Plaudits for three of Big Four at Poynton


Three of the post-Grouping Big Four took the plaudits at Great Northern’s sale at Poynton on October 6, when nameplates from the LNER, LMS and GWR led the way. At their head was Sansovino from LNER A3 No. 60053, the Pacific creeping into five figures with a price of £10,500, ahead of Defence from LMS Jubilee No. 45722 (£6500), and Cory Hall from GWR No. 5968 (£4200).

Two other LMS plates – Armada and City of St Albans (Jubilee and Princess Coronation Nos. 45679 and 46253) – failed to sell, but the LMS/BR(M) gained revenge when achieving the top non-nameplate realisations, these being £4100 for a Peak Forest for Peak Dale totem station sign and £4000 for a ‘Royal Scot’ headboard, a price matched by an 1892 Cheshire Lines Committee engraved backboard from Partington Junction signalbox showing all the points and signals worked by the ’box.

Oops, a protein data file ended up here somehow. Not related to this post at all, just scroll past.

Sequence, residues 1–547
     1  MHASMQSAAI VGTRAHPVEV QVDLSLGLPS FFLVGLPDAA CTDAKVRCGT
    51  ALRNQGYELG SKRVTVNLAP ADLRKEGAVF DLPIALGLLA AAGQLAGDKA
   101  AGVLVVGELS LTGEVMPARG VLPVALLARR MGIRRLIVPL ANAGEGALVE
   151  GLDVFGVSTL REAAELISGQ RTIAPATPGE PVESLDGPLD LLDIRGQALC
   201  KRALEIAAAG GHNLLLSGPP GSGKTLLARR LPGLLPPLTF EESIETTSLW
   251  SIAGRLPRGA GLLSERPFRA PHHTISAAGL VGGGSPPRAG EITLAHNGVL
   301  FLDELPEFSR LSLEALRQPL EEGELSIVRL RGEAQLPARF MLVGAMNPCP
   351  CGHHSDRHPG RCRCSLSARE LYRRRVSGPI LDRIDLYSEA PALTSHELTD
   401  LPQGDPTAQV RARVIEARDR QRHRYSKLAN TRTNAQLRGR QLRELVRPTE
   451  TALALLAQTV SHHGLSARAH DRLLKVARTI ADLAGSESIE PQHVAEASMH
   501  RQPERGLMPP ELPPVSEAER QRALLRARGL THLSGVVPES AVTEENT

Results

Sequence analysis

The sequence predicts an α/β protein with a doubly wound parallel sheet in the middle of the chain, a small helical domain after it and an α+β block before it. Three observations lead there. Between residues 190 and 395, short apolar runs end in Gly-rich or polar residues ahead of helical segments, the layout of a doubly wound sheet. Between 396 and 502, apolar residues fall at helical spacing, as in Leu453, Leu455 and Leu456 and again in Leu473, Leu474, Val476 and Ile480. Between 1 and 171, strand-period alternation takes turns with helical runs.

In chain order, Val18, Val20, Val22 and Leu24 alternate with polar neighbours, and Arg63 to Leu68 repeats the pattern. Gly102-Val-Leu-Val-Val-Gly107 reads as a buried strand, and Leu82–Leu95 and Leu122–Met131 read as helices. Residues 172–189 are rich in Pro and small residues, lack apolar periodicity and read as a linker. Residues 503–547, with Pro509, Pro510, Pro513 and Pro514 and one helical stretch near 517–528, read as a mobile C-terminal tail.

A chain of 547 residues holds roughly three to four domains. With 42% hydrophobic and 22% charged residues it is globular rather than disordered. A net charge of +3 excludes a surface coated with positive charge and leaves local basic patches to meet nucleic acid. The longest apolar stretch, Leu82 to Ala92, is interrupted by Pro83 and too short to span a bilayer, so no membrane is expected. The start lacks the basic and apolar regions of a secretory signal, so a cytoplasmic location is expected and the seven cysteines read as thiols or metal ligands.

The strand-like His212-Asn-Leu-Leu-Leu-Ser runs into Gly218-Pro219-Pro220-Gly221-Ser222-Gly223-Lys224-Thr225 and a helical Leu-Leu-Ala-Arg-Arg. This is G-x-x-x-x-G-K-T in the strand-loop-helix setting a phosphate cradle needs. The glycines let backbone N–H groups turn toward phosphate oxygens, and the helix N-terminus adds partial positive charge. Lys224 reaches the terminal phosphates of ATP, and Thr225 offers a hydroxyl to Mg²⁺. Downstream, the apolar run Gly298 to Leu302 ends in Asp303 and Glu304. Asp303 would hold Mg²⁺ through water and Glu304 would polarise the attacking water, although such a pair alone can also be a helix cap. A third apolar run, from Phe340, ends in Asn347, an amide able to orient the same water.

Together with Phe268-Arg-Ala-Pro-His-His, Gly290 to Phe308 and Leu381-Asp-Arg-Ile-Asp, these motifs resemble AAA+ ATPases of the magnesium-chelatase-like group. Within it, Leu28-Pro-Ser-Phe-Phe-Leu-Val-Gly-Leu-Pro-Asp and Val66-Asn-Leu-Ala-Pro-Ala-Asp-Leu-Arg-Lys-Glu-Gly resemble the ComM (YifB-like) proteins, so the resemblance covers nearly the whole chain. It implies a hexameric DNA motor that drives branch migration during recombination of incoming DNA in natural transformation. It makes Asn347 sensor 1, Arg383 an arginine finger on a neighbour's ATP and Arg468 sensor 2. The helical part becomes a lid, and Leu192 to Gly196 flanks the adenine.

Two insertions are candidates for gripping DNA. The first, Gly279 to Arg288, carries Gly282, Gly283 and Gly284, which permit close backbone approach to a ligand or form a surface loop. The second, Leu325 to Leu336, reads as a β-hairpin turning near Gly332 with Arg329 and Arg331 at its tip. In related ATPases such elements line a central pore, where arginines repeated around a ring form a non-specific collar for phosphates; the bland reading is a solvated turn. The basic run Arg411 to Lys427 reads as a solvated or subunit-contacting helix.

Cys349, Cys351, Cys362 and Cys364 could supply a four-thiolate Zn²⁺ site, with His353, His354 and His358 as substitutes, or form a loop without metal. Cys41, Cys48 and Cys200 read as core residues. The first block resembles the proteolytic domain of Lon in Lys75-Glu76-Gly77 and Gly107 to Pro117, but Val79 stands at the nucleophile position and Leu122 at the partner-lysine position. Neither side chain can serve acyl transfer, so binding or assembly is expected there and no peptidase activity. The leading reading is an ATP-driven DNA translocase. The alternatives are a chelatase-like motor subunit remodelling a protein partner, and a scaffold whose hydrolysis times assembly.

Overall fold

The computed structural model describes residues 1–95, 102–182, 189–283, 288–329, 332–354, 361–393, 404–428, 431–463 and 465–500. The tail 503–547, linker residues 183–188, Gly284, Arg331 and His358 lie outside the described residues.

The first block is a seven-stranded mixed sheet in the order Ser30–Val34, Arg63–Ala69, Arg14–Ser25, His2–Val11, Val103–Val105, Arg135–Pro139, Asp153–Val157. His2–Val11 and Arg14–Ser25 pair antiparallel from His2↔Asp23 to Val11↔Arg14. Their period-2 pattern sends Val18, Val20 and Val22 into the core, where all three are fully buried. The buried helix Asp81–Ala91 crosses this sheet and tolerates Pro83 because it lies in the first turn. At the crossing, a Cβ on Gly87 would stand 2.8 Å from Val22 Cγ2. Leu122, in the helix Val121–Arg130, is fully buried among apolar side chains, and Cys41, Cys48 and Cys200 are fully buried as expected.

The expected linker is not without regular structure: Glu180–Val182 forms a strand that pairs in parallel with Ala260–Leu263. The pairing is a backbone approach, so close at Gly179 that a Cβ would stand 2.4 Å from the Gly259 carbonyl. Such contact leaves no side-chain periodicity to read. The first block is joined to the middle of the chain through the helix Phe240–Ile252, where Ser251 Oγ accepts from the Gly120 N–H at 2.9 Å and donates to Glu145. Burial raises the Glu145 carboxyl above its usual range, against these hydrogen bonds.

Further BR(M) totem successes were Belper (£3600) and the delightfully-named Whatstandwell (£3300), top LMS hawkeye was Heaton Mersey (£1600) closely followed at £1550 by Peak Forest, and leading SR target Elephant & Castle (£1350).

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An ornate Euston station LNWR entrance lantern that one theory suggests had a royal connection went for £1250, a Blackpool North No 3 signalbox nameboard for £1200, and the chimney from GWR designed/BR built No. 7027 Thornbury Castle for £1100. Prices exclude buyer’s premium of 10%.

Bargain of the day was surely an original unmarked Ian Allan December 1942 Southern Railway locomotives first edition ABC booklet that carried the information “Compiled and produced by I. Allan 225-7 Laleham Road, Staines, from whom further copies may be obtained.” As Great Northern’s Dave Robinson wrote in his catalogue entry, this was the book that “started train spotting as we all know it.” And the price for this little piece of railway history? Just £45.

Of the auction, Dave said: “It was very successful, our best results to date. There was a lot of interest in the A3 plate and I was very pleased with its price, and the totems did well. There appears to be quite a young market for these and for enamels.”

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